20 Flynn Effect

21 The Flynn Effect Performance on IQ scores has steadily increased over generations Environmental factors?

22 Test Bias? Tests do discriminate.
But some argue that their sole purpose is to discriminate. We have to look at the type of discrimination.

23 Group Differences in Intelligence Test Scores
The Bell curve is different for Whites v. Black. Math scores are different across genders and the highest scores are for Asian males. Why? Nature or Nurture

24 Theories of Intelligence

25 Is intelligence one general trait or many specific abilities?

26 Is intelligence one general trait or many specific abilities?
L.L. Thurstone

27 Information Processing Approach
Theory that attempts to understand intelligence by examining the mental operations (i.e. attention, memory) involved in intelligent behavior

28 Triarchic Theory of Intelligence
Robert Sternberg (Tufts University) 3 types of intelligence: Analytic: Creative: Practical:

29 Multiple Intelligences (MI) Theory
Howard Gardner (Harvard)

30 Multiple Intelligences (MI) Theory
Linguistic Logical-mathematical Spatial Musical Body-kinesthetic Intrapersonal Interpersonal Naturalistic Commonly measured in intelligence tests Suggests they interact, but can function with some independence Some can become more developed than others Critics suggest that many of these are better labeled as “skills” than “intelligences” Also, don’t really have dependable measures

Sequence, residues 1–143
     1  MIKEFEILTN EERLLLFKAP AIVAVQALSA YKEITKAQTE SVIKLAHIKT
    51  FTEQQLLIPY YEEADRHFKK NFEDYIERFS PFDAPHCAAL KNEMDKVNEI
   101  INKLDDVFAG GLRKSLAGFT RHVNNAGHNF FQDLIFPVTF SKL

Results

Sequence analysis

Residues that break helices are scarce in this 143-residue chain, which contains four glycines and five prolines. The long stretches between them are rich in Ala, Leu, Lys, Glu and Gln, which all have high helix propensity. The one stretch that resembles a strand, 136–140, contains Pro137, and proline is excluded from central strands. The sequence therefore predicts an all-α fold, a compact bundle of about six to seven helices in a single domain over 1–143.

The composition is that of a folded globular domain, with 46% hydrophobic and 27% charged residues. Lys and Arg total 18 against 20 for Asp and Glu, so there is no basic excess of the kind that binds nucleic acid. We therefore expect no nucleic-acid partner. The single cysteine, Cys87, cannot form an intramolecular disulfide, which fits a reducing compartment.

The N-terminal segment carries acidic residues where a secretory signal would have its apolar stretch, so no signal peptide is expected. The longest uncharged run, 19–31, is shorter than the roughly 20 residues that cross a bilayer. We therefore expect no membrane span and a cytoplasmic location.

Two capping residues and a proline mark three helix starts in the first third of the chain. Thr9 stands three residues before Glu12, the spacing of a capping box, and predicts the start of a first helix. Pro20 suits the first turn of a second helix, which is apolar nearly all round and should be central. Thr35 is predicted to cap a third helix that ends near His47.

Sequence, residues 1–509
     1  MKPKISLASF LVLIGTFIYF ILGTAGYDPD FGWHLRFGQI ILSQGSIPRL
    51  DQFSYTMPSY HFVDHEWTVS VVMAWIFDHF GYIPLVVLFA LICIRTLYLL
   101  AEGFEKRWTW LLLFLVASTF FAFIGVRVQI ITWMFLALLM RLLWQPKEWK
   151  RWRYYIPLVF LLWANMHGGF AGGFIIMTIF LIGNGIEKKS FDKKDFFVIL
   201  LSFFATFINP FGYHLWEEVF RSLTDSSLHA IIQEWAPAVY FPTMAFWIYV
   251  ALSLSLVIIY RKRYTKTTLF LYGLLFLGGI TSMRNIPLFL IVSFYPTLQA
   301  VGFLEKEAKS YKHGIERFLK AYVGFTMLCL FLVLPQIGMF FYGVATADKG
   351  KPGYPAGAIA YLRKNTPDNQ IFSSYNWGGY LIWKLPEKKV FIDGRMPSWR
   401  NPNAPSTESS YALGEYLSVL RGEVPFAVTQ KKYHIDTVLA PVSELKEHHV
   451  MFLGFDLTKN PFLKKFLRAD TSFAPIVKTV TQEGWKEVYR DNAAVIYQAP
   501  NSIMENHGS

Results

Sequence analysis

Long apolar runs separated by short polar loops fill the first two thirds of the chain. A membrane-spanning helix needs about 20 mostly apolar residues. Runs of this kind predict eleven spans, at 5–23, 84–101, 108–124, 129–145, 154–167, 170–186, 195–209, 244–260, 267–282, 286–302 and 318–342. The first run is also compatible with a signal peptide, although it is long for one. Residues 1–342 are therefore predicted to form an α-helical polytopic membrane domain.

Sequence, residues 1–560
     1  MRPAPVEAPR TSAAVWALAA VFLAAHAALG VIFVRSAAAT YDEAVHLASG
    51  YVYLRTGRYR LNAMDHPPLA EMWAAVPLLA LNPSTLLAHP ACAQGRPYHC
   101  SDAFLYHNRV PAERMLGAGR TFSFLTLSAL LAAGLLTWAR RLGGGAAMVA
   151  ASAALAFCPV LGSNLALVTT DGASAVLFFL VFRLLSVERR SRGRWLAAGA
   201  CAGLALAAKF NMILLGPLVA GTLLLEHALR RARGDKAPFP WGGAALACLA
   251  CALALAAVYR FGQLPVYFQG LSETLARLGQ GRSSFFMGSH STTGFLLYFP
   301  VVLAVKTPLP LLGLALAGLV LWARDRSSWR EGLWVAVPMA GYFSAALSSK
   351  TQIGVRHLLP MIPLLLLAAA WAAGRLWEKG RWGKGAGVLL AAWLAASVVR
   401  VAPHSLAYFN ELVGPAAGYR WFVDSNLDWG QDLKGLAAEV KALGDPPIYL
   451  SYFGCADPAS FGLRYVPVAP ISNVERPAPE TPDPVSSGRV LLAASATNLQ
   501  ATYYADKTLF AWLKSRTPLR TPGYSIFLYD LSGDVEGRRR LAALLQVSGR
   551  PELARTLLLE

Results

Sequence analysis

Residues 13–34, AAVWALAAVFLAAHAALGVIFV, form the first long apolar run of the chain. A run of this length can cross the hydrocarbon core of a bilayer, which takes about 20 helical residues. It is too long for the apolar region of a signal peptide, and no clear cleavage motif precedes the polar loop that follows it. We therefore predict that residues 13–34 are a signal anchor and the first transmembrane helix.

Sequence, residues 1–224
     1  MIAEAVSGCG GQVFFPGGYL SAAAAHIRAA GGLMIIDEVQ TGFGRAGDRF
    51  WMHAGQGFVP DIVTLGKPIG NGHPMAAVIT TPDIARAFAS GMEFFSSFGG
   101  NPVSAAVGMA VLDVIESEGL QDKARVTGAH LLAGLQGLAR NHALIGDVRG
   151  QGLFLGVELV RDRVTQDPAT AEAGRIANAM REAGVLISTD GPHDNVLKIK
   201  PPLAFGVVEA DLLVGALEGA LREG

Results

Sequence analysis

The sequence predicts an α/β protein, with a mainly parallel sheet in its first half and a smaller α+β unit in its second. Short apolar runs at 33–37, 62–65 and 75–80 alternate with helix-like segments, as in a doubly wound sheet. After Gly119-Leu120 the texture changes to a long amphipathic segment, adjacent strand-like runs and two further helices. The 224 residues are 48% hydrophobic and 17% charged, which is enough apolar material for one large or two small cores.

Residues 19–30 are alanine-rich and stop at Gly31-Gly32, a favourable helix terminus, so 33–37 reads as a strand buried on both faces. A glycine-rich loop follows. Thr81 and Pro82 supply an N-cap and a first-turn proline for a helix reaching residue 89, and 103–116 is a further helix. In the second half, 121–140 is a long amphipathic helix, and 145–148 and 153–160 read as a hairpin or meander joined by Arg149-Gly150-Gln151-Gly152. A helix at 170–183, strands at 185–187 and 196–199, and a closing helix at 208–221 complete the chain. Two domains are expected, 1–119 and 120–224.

31 Emotional Intelligence
Daniel Goleman, Peter Salovey, John D. Mayer, & others

32 Is intelligence one thing or several different abilities?
To find out scientists use FACTOR ANALYSIS: He saw using FA that doing well in one area of a test predicted that you will do well in another.

33 Multiple Intelligences
Howard Gardner disagreed with Spearman’s g and instead came up with the concept of multiple intelligences. He came up with the idea by studying savants (a condition where a person has limited mental ability but is exceptional in one area).

34 Gardner’s Multiple Intelligences?
Visual/Spatial Verbal/Linguistic Logical/Mathematical Bodily/Kinesthetic Musical/Rhythmic Interpersonal Intrapersonal Natural Learn More about Gardner



37 Sternberg’s Three Aspects of Intelligence
Gardner Simplified Analytical (academic problem solving). Creative (generating novel ideas) Practical (common sense).

38 Gardner’s Three New Intelligences
Naturalistic intelligence Spiritual intelligence Existential intelligence

39 Types & Characteristics of Tests
Aptitude: person’s capability Achievement: person’s knowledge of subject Characteristics Validity: the ability of the test to measure what you say it will measure Reliability: the ability of the test to measure a construct with consistency Standardization: the use of reference scores for interpreting an individual’s performance

40 Types of Validity & Reliability of Tests
Content: Complete range of material Criterion: Compare to other tests of the same measure (high on SAT, high on ACT) Predictive: future performance (MCAT) Construct: theoretical or hypothetical construct (depression, intelligence) Reliability Test-retest: Alternate form: Inter-rater:

41 Brain Size and Intelligence Is there a link?
Small +.15 correlation between head size and intelligence scores (relative to body size). Using an MRI we found +.44 correlation with brain size and IQ score.